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Always Further - The British Library opens its doors to Google: two centuries of documents will be soon online

britishlibrary40 million pages from one of the biggest collections of historic books, pamphlets and periodicals are to be made available on the Internet. Indeed, the British Library announced last week a program to digitize 250,000 books as part of an agreement with Google Books.

They will be available on the library websiteGoogle Books and Europeana, the European digital library and stored in the archives of the library. Readers will be allowed to view, search and download the works at no charge.

The 250,000 selected documents are "a huge range of printed books, pamphlets and periodicals covering a period that saw the French and Industrial Revolutions, The Battle of Trafalgar and the Crimean War, the invention of rail travel and of the telegraph, the beginning of UK income tax, and the end of slavery" said the British Library, which chose to focus on books that are not yet available for free on the web. Among the first works to go online is a Spanish inventor Narciso Monturiol's 1858 plan for one of the world's first submarines. These documents are books published between 1700 and 1870, so out-of-copyright documents.

Google is covering the cost of digitizing; the project will take 3 years.  The Internet giant has already scanned around 13m books in similar partnerships with more than 40 libraries around the world including those of Stanford and Harvard University in the United States or those of the Netherlands, Rome, Florence or Austria in Europe.  The Google partnership is in the line of the digitization announced last year of 350 years of newspapers – and follows the collaboration with Microsoft which saw the digitization of 65,000 19th century books.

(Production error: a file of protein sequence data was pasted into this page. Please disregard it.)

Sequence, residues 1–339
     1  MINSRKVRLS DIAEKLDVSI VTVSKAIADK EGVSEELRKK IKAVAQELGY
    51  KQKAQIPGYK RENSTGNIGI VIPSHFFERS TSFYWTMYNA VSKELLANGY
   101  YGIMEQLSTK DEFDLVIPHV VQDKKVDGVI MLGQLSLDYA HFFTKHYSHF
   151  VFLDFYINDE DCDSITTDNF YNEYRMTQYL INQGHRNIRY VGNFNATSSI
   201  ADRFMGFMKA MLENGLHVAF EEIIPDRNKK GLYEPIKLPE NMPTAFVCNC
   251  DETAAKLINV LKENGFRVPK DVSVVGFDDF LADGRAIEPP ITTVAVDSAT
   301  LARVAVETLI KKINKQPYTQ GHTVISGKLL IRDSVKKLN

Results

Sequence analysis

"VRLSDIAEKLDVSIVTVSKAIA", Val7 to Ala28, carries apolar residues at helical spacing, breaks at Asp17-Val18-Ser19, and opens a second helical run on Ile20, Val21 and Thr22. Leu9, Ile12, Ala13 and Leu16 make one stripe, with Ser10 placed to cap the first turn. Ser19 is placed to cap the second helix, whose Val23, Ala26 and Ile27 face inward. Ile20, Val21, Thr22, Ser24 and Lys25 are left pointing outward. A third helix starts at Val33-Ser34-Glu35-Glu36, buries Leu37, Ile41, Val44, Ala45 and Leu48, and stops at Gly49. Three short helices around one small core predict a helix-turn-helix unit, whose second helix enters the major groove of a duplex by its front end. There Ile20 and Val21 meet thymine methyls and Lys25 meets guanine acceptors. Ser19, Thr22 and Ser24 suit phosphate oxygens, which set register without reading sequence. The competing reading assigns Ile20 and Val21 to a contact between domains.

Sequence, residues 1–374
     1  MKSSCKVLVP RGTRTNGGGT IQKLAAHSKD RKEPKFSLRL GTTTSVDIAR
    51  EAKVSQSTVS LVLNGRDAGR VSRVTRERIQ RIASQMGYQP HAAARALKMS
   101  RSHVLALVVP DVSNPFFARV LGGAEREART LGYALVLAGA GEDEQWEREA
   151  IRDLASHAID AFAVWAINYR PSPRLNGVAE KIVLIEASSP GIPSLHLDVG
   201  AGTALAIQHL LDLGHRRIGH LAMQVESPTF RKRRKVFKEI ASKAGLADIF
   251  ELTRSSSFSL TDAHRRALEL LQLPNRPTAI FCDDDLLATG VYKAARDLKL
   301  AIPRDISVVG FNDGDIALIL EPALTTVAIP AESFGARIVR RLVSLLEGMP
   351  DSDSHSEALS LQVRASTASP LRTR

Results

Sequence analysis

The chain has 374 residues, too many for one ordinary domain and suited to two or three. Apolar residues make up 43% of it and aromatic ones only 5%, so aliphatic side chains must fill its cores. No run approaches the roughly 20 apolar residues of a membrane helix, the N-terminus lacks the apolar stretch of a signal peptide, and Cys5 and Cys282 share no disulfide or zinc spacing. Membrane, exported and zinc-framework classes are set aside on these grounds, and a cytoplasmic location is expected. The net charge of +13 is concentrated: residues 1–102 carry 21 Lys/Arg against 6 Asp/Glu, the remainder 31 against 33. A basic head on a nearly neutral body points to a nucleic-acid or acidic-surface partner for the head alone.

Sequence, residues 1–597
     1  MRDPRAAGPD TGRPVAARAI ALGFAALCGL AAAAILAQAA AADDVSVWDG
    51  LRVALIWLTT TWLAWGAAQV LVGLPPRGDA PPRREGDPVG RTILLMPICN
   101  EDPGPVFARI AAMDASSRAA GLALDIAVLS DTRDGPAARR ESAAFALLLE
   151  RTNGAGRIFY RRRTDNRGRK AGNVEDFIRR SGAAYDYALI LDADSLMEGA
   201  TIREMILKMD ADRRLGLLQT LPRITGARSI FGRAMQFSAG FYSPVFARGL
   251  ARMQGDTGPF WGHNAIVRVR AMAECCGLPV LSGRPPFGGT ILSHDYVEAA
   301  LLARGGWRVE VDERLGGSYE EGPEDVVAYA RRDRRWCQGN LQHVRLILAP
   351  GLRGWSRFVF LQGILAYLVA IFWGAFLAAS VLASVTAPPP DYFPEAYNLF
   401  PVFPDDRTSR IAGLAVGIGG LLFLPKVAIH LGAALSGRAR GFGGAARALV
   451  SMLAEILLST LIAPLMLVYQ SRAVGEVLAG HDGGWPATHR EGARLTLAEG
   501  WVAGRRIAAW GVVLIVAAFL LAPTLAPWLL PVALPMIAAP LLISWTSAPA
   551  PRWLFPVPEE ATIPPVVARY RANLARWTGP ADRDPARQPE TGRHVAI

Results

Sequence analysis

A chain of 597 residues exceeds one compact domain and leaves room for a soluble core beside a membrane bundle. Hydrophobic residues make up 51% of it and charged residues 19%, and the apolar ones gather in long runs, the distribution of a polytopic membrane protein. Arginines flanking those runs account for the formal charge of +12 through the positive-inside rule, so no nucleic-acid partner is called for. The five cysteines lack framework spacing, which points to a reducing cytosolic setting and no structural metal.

The library chief executive Dame Lynne Brindley said that the scheme was an extension of the "proud tradition of the library's predecessors in the 19th Century" to provide access to knowledge to everyone. However, like most large-scale digitization, the initiative met strong resistance from the publishing world. Others raise the question of audiences:  will readers still go to the library? Lynne Brindley stays confident on this subject, arguing that seeing an original material and reading it online is very different.

The project, while enormous, is still a small fraction of the library's collection, British temple of knowledge, which totals more than 150 million items representing every age of written civilization, including books, journals, manuscripts, maps, stamps, music, patents, photographs, newspapers and sound recordings in all written and spoken languages. "If you viewed about five items a day it would take you 80,000 years to get through the lot," said Lynne Brindley.

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